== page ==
At The Barn, we’ve been diligently writing about the consensus lottery picks in the 2018 NBA draft — especially since a few of us are Grizz fans, hoping and praying to our respective divine beings that the Grizz front office doesn’t miss on this year’s likely Top 3 pick and ruin the next 5 years.
Marvin Bagley, III is a name constantly on the mock draft boards, and it’s no surprise. The freakishly athletic 6-11 big fella has been a highly touted star since he was in 9th grade. From the tender age of 12, he’s always been destined to be a lottery pick, but does he have what it takes to be the transcendent big man/franchise cornerstone that some believe? Maybe he will, maybe he won’t — if there’s one thing I know, it’s that this whole deal is one giant crapshoot. Who pans out and who doesn’t perplexes me year after year, but I digress…
Bagley’s 247 profile gives us a concise yet accurate blurb about his admittedly rare combination of skills:
Bagley is an exquisite talent. He has the physique of a young prospect and naturally will need to become much stronger, but in other areas he plays far beyond his years. He’s extremely well-coordinated, fluid, quick, explosive and reasonably polished. A southpaw, he knocks down long jump shots, buries hooks on post-ups and handles well enough to attack off the dribble in either direction.
How many players warrant the adjective “exquisite” on recruiting sites? I have no idea but have to assume very few. But, if I’m being honest, they ain’t wrong: Bagley is *Italian chef finger kiss*.
A Star is Born
Like most great athletes, Bagley comes from the sort of genetic stock that begets athletic destiny: his mom the daughter of Pogo Joe Caldwell — one of the country’s best high school basketball players in 1960 — and his dad, Marvin Bagley, Sr., a wide receiver playing football professionally in the Arena Football League for the Arizona Rattlers.
Caldwell was the second overall pick in the 1964 NBA draft. Pogo Joe was a two-time All-Star in the NBA, and after the best year of his career in 1970, when he averaged 21.1 points for the Atlanta Hawks, he skedaddled over to the ABA for more mulah. Bagley Sr., on the other hand, never quite made the big leagues, but had a star-studded college career with Arizona State. When asked about his son’s rarified skillset, Bagley Sr. aptly summarized:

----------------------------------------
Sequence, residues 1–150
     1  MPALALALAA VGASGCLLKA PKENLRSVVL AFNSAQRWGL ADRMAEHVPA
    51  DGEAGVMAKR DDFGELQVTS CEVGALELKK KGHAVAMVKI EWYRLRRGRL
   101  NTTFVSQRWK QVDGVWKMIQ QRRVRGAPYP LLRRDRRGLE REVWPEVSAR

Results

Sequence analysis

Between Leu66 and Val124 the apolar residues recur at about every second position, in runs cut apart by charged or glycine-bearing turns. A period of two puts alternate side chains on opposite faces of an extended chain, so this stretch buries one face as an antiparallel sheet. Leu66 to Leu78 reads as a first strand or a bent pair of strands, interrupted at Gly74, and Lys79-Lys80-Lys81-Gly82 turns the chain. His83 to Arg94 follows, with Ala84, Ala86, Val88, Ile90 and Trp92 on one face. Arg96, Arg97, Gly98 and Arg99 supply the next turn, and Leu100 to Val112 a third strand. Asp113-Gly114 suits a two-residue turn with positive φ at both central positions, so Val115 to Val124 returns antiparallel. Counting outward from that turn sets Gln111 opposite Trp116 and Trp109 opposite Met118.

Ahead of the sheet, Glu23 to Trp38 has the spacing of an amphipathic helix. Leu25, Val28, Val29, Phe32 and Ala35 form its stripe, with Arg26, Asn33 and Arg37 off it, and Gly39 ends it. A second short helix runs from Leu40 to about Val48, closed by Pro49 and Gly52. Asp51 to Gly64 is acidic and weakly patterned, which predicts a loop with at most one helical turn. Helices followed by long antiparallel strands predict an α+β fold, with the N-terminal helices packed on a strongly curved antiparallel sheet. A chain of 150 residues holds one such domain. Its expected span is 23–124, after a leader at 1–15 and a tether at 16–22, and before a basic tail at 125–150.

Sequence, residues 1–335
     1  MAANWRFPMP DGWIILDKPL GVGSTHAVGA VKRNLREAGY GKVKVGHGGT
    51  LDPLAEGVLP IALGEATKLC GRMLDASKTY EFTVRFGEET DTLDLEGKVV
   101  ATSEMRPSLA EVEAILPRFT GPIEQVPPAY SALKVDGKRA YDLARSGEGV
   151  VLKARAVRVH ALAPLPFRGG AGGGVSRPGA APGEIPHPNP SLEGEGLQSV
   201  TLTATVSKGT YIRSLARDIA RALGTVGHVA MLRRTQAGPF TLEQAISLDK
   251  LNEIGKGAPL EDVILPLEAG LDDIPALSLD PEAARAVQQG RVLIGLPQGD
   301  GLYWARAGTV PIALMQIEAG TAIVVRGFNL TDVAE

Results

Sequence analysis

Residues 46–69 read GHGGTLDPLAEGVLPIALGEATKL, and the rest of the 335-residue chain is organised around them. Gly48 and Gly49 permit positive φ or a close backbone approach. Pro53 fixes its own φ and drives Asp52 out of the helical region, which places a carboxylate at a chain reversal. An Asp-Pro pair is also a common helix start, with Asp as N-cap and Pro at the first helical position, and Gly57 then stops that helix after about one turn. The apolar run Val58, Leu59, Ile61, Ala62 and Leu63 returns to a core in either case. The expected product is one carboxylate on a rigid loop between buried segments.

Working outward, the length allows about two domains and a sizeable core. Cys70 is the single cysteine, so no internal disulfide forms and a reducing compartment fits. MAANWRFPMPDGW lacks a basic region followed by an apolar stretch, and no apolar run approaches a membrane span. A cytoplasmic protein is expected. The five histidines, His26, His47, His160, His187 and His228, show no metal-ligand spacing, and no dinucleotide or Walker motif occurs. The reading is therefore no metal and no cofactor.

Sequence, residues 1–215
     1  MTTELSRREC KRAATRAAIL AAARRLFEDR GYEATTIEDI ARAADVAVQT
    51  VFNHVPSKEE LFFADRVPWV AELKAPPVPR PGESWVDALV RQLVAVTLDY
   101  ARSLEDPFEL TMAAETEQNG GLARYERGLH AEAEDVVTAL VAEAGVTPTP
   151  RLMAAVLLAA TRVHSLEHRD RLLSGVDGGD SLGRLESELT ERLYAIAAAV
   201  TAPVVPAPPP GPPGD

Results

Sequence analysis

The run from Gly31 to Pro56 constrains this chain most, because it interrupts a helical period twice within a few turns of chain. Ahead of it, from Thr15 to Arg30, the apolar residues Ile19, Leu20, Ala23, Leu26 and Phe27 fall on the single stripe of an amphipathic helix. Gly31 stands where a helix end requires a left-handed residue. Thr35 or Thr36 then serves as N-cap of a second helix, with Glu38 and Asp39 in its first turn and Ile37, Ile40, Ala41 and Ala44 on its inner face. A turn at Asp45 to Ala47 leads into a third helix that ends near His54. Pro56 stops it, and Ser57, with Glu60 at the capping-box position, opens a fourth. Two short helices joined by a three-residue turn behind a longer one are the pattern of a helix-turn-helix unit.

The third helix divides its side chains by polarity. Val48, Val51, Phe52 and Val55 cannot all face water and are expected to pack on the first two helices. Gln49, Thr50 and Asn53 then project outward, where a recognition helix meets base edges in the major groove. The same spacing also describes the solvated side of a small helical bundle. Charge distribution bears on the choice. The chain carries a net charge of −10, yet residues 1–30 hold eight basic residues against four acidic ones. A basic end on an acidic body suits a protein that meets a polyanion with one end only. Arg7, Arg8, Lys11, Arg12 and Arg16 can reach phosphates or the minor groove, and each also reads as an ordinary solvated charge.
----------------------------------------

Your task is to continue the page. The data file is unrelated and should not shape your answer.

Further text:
We don’t want to put a label on him. A label equals a limit. We just ask him to play. You have to be able to do it all, especially at this young age.
I hate to see when guys are considered guards or forwards, and then you have big guys, especially when they’re young growing up, just because a guy is the biggest on the floor, you tell them not to dribble the ball. I hate to see that. That’s one thing I always tried to not do with Marvin.
All this to say, if you put the right ingredients in your grub, it’s going to taste delicious. Bad metaphor? Maybe, but you get the idea.
In his last season for Sierra Canyon, he averaged 24.9 points and 10.1 rebounds per game. The next big question was whether he could replicate his success at the next level. After
being paid off by Nike choosing to play for Coach K and Duke — who are somehow devouring John Calipari at his own blue-chip game — Bagley saddled off to Durham for the requisite one-year until he could make actual money. Hope he really enjoyed Intro to Theater 101!
Life as a Blue Devil
As a fairly skinny player with a “slight” build, folks wondered whether Bagley could hang with the other big fellas in the Atlantic Coast Conference. The proof, as they say, is in the pudding:
TFW you average 21-11…
*Extremely Chris Tucker and Ice Cube voice* Dayummmmmmmm. Bagley delivered not only statistically but efficiently as well. Bagley hit 36.0% on 50 3pt attempts and has a free throw percentage of 62.1% (suggesting a non-broken shot). The young man clinched both the ACC’s award for Rookie of the Year AND ACC Player Of The Year. His meager block average is the one red flag amongst these stats (more on that later).
The biggest knock is that his Duke team lost a drag-out overtime battle to Kansas in the Elite Eight. Still, the Elite Eight is far enough in the tournament where there’s no accompanying embarrassment, and I don’t subscribe to the idea that one single-elimination tournament should define a player’s NBA trajectory. After all, college is the last hurdle before making millions — I can imagine these dudes adopting a “sooner the better” mentality.
Is He a ‘Tweener?
A tweener in basketball is a term, sometimes used negatively, for a player who is able to play two positions, but is not ideally suited to play either position exclusively, so he/she is said to be in between. Classic example: Charles Barkley, one of the NBA’s greatest rebounding power forwards at a stocky 6-6. In my book, there are two kinds of tweeners: